Scores of our troops have chosen to re-enlist while still serving in Iraq, not withstanding the hardships and there are hardships to be sure -- heat, exhaustion, death squads, dust storms, friends lost in combat. They know they are part of something truly important and they are part of something truly important,  let there be no doubt. It’s important for our nation, it’s important for the countries where they’re deployed and it is important to the region and we know it’s important to this world.  They liberated Iraq, removing the regime in less than a month while sparing innocent civilians and preserving Iraq’s infrastructure. It was a breathtaking accomplishment.
 
Today they continue to search for U.S. and allied POWs from the 1991 Persian Gulf War including Captain Scott Speicher.  We will leave no one behind in Iraq or in any of those missing from World War II, Vietnam, Korea, the Cold War or other past conflicts.
 
[Applause]
 
Those who fight the global war on terror may be using weapons that are more lethal and more precise than any that were available to you but their success is made possible by the same thing that made your success possible, the courage in their hearts and the conviction in their souls.  There is another thing that’s not changed: we still face determined adversaries, as we’ve seen in Iraq and Afghanistan, the dead-enders are still with us, those remnants of the defeated regimes who’ll go on fighting long after their cause is lost.  There are some today who are surprised that there are still pockets of resistance in Iraq, and they suggest that this represents some sort of failure on the part of the Coalition.  But this is not the case.  Indeed I suspect that some of you in this hall today, especially those who served in Germany during World War II or in the period immediately after the war were not surprised that some Ba’athists have kept on fighting.  You will recall that some dead-enders fought on during and after the defeat of the Nazi regime in Germany.
 
Here’s how war correspondent Martha Gellhorn described conditions in Germany after the arrival of allied forces.  She said, “At night the Germans take pot shots at Americans or string wires across the roads or they burn the houses of Germans who accept posts in the military government or they booby trap ammunition dumps or motorcycles or anything that is likely to be touched.”
 
One group of those dead-enders was known as “werewolves.”  They and other Nazi regime remnants targeted allied soldiers and they targeted Germans who cooperated with the allied forces.  Mayors were assassinated including the American appointed Mayor of Achen, the first major German city to be liberated.  Children as young as ten were used as snipers, radio broadcast and leaflets warned Germans not to collaborate with the Allies.  They plotted sabotage of factories, power plants, rail lines.  They blew up police stations and government building, and they destroyed stocks of art and antiques that were stored by the Berlin museum.  Does this sound familiar?
Like the death squads in Iraq they failed to stop the liberation of Germany and they failed in rousing the population of Germany to widespread revolt.  Indeed as one historian put it, “Werewolf intimidation only increased public hatred of the Nazi regime…German civilians sometimes led allied troops straight to where werewolf supply caches.”  The vast majority of the German people like the vast majority of the Iraqi people were glad to be rid of the tyrannical dictatorship.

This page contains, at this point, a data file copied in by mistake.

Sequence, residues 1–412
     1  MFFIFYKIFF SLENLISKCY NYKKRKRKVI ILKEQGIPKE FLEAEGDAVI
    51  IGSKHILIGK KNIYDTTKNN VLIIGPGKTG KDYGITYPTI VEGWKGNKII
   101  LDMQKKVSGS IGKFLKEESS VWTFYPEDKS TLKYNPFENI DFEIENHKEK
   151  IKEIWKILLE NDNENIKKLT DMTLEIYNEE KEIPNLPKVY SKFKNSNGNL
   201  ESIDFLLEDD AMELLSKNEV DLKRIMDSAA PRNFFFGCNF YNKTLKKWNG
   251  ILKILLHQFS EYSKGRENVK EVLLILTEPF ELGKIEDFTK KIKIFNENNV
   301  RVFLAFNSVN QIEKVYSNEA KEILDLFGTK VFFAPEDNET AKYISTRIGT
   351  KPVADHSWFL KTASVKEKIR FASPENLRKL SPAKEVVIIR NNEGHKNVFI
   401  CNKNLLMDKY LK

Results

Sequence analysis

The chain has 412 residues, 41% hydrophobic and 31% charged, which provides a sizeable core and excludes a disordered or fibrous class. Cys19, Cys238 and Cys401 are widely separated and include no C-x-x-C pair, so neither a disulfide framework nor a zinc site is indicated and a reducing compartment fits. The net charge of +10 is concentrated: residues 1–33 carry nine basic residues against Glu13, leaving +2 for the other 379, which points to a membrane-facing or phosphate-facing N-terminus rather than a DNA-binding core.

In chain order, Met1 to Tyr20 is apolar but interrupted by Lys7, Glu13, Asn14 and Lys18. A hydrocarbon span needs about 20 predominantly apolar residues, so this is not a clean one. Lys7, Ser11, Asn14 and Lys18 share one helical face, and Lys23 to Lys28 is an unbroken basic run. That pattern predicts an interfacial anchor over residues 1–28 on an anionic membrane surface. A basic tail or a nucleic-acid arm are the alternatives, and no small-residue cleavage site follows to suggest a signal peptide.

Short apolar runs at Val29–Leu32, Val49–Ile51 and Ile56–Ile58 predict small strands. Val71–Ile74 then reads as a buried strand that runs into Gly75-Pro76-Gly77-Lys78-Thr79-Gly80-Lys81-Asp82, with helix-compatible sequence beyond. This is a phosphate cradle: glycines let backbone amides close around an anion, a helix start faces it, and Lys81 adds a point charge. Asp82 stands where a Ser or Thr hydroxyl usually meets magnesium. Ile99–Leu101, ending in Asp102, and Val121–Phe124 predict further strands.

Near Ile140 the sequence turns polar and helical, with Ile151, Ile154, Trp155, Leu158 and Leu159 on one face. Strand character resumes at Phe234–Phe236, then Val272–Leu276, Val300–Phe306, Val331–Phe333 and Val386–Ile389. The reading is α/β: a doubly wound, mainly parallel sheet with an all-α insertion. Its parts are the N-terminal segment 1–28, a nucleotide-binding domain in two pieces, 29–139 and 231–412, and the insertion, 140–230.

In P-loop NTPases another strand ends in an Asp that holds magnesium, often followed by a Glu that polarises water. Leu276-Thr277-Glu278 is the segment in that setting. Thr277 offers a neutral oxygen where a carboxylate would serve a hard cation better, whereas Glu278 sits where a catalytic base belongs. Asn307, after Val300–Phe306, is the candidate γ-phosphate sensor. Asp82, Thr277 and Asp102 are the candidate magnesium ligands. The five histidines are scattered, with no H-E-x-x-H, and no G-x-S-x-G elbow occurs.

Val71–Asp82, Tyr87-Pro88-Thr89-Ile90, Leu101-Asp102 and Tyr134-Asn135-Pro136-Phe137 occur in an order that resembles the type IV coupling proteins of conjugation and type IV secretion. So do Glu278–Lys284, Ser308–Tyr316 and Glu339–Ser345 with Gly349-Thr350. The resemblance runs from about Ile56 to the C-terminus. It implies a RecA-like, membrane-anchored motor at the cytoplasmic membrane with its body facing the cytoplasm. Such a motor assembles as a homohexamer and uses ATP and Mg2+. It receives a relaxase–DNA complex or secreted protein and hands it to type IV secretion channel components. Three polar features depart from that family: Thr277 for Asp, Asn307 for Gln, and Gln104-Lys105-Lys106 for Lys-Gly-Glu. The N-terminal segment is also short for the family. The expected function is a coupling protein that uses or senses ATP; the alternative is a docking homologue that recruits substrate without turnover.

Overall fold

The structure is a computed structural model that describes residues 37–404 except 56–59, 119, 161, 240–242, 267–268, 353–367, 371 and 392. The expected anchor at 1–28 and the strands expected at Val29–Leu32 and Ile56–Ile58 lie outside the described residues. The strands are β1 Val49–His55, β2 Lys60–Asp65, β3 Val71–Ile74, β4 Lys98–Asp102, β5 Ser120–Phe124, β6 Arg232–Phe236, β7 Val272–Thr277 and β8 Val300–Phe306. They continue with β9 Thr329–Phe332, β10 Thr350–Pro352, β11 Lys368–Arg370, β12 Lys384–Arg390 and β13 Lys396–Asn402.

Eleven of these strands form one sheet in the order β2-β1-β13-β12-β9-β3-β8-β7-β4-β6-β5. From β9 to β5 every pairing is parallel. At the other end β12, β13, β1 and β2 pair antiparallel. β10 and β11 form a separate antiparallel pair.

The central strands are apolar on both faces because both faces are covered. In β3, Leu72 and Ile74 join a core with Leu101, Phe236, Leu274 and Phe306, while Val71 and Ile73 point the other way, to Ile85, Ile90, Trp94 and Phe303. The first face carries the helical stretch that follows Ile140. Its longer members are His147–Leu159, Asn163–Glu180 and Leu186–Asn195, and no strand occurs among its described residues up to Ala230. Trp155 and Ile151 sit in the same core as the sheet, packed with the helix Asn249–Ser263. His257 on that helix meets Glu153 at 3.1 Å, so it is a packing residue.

Today the Nazi dead-enders are largely forgotten, cast to the sidelines of history because they comprised a failed resistance and managed to kill our Allied forces in a war that saw millions fight and die.  But in Operation Iraqi Freedom millions did not fight and die. 
 
That country was liberated with fewer casualties and less destruction than probably any war in modern history.  And so, in light of that success, the resistance our Coalition faces today may appear more significant than otherwise might have been the case.  There are differences to be sure. 
 
The challenges in Iraq today are in some respects more difficult.  Unlike the Nazi regime, the Iraqi regime never surrendered, the surviving remnants disappeared into the population.  In Iraq moreover we’re dealing not just with regime remnants but also with tens of thousands of criminals that were released from the jails by the regime before it fell, as well as terrorists and foreign fighters who have entered the country over the borders to try to oppose the Coalition.  They pose a challenge to be sure but they also pose an opportunity because Coalition forces can deal with the terrorists now in Iraq instead of having to deal with those terrorists elsewhere, including the United States. 
So the threats our forces face today in Iraq are somewhat different but the result will be the same.  The dead-enders in Germany failed just as the Ba’athists, the terrorists and foreign fighters in Iraq today will fail.  Coalition forces are going after them, rooting them out, capturing or killing them.  They will be defeated but it will take patience.